Indeed, the rosace is the focal point of Yellow Sleeping Idol — which sees a blonde in a smile-filled slumber, lying serenely against a black backdrop — dominating the canvas with a flowery, multi-color burst and pulling the eye toward it with a strong magnetization. Church imagery aside, the rosace is so prominent in this work, it’s hard not to think of ‘60s-era hippie “flower power” or a stereotypical acid trip.

The jelly-bean-hued emblems are, funnily enough, the only splash of color permeating through the collection — everything else is in black and white. The subtraction of color carries Strosberg’s bleak, if not dystopian, message of society’s inexorable uniformity and increasingly “monochromatic” appearance, as people strive to look beautiful and themselves begin to resemble mannequins through plastic surgery and their obsession with fashion. The use of oil and egg tempera is hardly arbitrary, either — it’s a classical form used to paint religious figures in churches and as such carries a spiritual connotation. The combination of this type of paint as well as the black and white shades allows for a more pronounced contrast, and permits Strosberg to dress his subjects with the ever-so-slight trace of a halo. Of course, for those uninterested with symbolic interpretation, the paintings’ titles act as their abridged translation — the religious connotation is so glaring in designations like Two Idols and The Pink Annunciation, it’s like God himself is slapping you across the face.

In a stroke of brilliance, Strosberg also recycles his models throughout several paintings, utilizing the same mannequin striking the exact pose and look as in another work, but fundamentally altering the composition through manipulation of the rosace’s color scheme. One example sees Strosberg start with the graphic-less Idol, building upon it with Blue Idol, Green Yellow Idol and several others merely by framing the “apostle” with new pigments. Through these subtle graphical variations, the artist generates a catalogue of nearly identical paintings spanning a broad, rainbow-esque color spectrum, effectively creating miniseries within the exhibition. It’s a lovely touch that forces viewers to reconsider the same work from a new vantage point and adds a layer of complexity to the collection. In another example of artistic ingenuity, the words “American Idol” appear as a rough, charred-amber banner toward the bottom of a tableau, beneath a “woman” wearing a black dress and reclining lazily in an armchair, the look of blissful daydream upon her face as she stares at the world beyond her glass-window prison. The coarse, blackened lettering arises from torched sugar, which Strosberg burned onto aluminum to depict the “hysteria” fashion induces — “the heat, the fire, the flame,” he explains. It is these minutest of touches that elevate Agalmatophilia from average to top-notch.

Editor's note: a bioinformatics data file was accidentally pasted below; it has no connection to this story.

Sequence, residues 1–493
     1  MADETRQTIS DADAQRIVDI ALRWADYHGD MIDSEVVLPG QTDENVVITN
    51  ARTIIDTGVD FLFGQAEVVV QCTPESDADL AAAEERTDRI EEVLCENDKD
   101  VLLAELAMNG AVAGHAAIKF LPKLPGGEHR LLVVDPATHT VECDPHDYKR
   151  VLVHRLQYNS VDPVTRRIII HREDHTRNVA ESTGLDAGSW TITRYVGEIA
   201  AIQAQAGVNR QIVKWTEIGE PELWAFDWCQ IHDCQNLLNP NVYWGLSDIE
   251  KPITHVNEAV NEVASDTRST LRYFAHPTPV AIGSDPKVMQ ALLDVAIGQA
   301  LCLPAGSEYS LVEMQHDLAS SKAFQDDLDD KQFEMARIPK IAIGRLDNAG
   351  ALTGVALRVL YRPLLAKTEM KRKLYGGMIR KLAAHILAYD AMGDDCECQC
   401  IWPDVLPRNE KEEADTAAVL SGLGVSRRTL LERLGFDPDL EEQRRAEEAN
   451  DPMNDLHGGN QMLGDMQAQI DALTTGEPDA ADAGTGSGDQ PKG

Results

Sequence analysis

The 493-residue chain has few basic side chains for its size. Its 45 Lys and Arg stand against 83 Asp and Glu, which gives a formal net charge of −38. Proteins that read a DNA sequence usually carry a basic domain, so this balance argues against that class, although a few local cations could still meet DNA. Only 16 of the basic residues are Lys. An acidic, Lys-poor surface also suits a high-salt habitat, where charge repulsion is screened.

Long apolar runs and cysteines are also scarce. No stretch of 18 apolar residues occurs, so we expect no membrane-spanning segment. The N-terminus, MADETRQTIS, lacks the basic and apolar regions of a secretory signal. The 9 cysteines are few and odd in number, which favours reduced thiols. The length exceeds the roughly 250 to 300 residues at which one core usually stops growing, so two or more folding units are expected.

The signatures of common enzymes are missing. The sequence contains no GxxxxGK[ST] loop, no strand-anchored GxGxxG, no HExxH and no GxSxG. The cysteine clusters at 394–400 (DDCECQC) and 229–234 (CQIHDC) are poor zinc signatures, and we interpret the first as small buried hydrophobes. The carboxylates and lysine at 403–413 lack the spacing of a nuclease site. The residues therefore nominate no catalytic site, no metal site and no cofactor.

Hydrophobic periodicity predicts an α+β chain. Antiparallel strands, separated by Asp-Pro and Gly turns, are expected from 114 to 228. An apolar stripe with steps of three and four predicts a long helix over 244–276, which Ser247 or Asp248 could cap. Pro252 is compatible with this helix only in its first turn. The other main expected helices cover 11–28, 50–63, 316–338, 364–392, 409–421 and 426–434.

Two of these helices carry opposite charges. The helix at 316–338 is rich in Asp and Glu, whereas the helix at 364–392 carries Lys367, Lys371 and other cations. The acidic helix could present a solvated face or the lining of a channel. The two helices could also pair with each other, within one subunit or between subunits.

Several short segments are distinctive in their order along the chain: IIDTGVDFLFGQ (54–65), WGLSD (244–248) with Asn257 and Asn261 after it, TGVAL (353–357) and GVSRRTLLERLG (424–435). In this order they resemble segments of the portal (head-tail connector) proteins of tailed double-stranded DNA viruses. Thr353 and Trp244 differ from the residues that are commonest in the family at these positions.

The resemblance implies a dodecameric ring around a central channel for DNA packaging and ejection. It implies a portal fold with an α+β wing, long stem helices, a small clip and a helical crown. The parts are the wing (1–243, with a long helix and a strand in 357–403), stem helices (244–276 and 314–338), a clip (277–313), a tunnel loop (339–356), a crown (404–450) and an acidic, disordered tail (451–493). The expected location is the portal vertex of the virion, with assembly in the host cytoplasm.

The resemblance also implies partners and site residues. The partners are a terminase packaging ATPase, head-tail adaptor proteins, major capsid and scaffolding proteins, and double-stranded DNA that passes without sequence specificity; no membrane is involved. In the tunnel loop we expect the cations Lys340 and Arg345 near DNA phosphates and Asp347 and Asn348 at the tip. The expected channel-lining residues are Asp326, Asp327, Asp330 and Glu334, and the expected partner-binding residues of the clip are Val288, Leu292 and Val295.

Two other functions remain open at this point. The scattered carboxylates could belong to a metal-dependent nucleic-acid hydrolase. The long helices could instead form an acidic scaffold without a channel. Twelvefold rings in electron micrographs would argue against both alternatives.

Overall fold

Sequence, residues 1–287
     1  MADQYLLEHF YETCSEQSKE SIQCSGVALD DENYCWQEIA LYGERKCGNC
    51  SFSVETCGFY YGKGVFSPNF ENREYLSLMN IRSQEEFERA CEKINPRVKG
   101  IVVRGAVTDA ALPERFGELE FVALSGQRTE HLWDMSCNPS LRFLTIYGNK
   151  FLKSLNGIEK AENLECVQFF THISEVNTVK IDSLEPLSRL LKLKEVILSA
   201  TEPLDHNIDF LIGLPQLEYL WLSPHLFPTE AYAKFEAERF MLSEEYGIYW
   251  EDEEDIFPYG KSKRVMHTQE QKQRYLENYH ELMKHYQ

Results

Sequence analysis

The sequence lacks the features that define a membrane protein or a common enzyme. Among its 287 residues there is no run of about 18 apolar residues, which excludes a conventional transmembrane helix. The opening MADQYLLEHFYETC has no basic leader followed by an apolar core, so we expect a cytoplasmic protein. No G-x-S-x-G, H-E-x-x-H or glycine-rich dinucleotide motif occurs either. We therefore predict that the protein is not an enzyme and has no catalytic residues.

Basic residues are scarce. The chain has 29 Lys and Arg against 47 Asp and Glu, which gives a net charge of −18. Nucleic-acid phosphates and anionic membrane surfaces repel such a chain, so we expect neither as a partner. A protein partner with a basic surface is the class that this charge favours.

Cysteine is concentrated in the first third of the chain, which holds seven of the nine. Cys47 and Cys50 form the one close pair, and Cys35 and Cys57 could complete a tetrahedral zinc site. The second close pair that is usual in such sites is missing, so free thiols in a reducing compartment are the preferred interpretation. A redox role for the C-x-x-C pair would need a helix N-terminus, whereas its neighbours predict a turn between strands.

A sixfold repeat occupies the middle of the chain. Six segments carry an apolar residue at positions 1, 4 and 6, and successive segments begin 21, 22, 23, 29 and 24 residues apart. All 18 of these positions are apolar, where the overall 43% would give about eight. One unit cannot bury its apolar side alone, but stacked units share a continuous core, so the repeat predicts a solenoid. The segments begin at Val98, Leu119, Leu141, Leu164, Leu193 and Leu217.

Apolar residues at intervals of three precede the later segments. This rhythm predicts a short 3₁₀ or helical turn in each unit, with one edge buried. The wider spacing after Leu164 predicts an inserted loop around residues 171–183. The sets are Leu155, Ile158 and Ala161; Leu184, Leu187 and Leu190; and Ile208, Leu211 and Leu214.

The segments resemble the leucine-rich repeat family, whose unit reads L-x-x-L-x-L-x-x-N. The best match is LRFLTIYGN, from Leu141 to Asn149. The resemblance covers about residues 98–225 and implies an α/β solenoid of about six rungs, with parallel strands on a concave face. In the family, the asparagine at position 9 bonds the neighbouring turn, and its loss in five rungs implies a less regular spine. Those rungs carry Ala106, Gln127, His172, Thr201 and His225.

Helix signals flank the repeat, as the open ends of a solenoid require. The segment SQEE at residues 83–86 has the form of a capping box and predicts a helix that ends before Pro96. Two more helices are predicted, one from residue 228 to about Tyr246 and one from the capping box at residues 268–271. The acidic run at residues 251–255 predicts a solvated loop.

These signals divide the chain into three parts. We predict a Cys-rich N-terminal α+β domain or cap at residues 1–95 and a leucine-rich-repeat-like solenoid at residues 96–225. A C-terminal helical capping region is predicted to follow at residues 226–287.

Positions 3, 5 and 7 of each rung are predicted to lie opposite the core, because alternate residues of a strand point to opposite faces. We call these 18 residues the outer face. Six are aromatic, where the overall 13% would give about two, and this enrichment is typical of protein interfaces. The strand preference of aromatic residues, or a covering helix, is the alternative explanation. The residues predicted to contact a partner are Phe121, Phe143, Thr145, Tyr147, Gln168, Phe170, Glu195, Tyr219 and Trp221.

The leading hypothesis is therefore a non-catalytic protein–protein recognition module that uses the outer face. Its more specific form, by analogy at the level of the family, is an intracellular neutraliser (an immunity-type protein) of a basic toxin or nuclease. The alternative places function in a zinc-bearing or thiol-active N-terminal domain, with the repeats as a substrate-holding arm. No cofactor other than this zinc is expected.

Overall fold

Even the artist isn’t coy about the high caliber of his work: “I think this series has everything,” he describes. “It’s conceptual, it’s contemporary, it’s classical, and it’s avant-garde. I wanted to introduce something different, something more edgy.”

In our increasingly narcissistic and voyeuristic society, Strosberg’s artwork is a refreshingly unique glimpse of fashion, making us consider its place in the world along with its absurdity. Whereas department stores use art in their retail displays, the Belgian cleverly inverts that equation. He objectifies mannequins, to be sure, but in a non-commercial manner — it’s the art lover, not the shopper, that’s the peeping Tom here. For all the social commentary pulsing through Agalmatophilia, though, Strosberg’s opinion of fashion may not be as biting as one would assume. On the contrary, it seems surprisingly admiring.

“It’s a beautiful subject,” he exclaims. “It’s very much in the air and everybody’s talking about it. It just inspires me.”

“Agalmatophilia” is on display in the ground-floor gallery of the MAve Hotel (62 Madison Ave, New York) through April 30th. The exhibition is visible to the public from the street on Madison Avenue and from inside the hotel lobby. Visits inside the gallery are available by appointment only ([email protected]). To learn more about Serge Strosberg and his artwork, visit http://www.strosbergserge.com/.

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Featured image: Artist Serge Strosberg in front of his paintings at the “Agalmatophilia” exhibit inside the MAve gallery. Photo Credit: Greg Iacurci/GALO Magazine.